Study personnel visited inpatients on the stroke unit in the morning (typically between 8 am and 9 am) to don the devices and then retrieved them at the end of the workday (~4 pm). Outpatient participants were met during the day and sent home wearing the devices, along with instructions to remove them before bed and to return them at their next visit or therapy session. A piece of Fabrifoam was used to affix the wGT3X+ sensor and X6 accelerometer to the ankle of the less-affected leg. Participants were instructed to go about normal daily activities and not remove the devices unless required (eg, discomfort, personal hygiene, or risk of damage), or unless they became a burden. Upon retrieval or return, participants completed a feasibility questionnaire asking about their experience and thoughts on the device (). Part A was completed after each time either the FBT or GAR was worn, and Part B, pertaining to the chest strap and ankle units, was administered on the second day. Both parts consisted of 6 questions, and responses were obtained through yes/no options, space for open explanations, as well as Likert and visual analog scales.
|Descriptive variable||Mean (SD)a, median, or count||Range or percentageb|
|Age, years||64.4 (15.0)||41-90|
|Height, cm||171.0 (9.3)||152-190.5|
|Weight, kg||77.1 (15.4)||45-113|
|Time post stroke, days||42.6 (33.2)||12-135|
|CMSAf stage of leg||6||4-7|
|CMSAf stage of foot||6||3-7|
|Walking speed, m/s||0.92 (0.29)||0.28-1.5|
|Single point cane||8||22|
aSD: standard deviation.
bPercentages may not sum to 100% due to rounding.
cNIH-SS: National Institutes of Health-Stroke Scale.
dCOVS: Clinical Outcome Variables Scale.
eBBS: Berg Balance Scale.
fCMSA: Chedoke-McMaster Stroke Assessment.
Within 2 days of activity monitoring, the following tests were conducted for each participant during a short data collection session or as part of routine clinical care (data then extracted from patient chart): the National Institutes of Health-Stroke Scale (NIH-SS) , Berg Balance Scale (BBS) [ ], Clinical Outcome Variables Scale (COVS) [ ], Chedoke-McMaster Stroke Assessment (CMSA) [ ] stage of leg and foot, and self-selected walking pace obtained from a pressure-sensitive mat (GAITRite, CIR Systems Inc., Havertown, Pennsylvania, USA). Height and weight were also recorded. The following information was obtained from hospital charts or directly from participants: age, sex, time since stroke, lesion location, medical history, and list of medications.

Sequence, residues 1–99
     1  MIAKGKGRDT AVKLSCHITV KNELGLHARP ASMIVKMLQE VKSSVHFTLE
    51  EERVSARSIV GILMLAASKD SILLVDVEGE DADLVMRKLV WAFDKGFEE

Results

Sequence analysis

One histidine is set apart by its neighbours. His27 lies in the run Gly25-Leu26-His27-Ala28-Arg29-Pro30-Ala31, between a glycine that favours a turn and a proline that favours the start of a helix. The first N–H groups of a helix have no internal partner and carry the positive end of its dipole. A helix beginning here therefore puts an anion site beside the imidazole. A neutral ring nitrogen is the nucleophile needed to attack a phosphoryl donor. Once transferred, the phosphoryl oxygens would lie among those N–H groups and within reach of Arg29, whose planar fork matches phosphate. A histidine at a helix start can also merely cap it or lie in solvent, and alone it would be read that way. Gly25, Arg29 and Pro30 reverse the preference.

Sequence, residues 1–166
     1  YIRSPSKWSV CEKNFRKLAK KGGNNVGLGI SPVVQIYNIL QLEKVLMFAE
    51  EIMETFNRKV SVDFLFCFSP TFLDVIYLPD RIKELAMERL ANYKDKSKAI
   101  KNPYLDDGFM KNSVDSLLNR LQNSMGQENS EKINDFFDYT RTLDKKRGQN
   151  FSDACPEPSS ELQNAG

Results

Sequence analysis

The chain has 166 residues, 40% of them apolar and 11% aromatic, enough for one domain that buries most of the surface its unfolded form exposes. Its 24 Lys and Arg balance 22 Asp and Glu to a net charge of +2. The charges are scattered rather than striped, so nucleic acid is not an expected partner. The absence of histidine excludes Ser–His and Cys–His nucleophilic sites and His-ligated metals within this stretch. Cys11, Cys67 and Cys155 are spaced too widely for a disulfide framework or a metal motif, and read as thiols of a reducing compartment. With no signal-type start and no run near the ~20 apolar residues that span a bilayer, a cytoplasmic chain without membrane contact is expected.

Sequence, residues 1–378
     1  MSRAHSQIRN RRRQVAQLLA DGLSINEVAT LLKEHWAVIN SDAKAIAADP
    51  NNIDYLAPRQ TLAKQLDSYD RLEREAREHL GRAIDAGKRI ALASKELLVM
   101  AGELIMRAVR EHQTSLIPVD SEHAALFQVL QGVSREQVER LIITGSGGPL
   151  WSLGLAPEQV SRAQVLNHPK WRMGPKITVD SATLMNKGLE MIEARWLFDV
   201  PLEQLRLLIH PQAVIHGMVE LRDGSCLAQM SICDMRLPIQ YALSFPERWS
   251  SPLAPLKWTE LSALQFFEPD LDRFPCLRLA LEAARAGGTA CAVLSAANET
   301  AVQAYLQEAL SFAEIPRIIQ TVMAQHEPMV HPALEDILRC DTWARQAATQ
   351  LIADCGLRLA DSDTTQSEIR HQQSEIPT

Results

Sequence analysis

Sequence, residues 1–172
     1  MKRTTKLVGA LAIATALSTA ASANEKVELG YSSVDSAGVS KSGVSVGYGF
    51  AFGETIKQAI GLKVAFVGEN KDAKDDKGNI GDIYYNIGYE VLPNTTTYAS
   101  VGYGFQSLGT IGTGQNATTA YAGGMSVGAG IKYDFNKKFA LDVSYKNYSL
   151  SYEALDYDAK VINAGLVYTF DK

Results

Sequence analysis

Maximum heart rate was determined in 1 of the following 3 ways: cardiopulmonary exercise test as part of routine care (value recorded by electrocardiography when respiratory exchange ratio >1.1; n=3); estimation using published formulas (164−0.7×age for individuals taking beta-blockers  and 208−0.7×age for all others [ ]; n=3 and 26, respectively); or peak heart rate observed during the 2-day monitoring if higher than the age-predicted maximum (n=5).
Step counts were extracted from the X6 accelerometer data using a previously validated custom written algorithm implemented in MATLAB (MathWorks, Nantick, Massachusetts, USA) . FBT and GAR were synchronized to the manufacturers’ Web-based applications to extract step counts.